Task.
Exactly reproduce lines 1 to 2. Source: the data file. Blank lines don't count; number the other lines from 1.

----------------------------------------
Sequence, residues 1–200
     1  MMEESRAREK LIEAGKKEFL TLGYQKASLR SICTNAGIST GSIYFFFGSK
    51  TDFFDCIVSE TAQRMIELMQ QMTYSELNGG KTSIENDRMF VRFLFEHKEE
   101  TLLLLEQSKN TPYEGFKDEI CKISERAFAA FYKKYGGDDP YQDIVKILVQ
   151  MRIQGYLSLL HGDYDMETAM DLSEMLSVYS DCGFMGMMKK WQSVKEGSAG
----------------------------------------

Sequence, residues 1–200
     1  MMEESRAREK LIEAGKKEFL TLGYQKASLR SICTNAGIST GSIYFFFGSK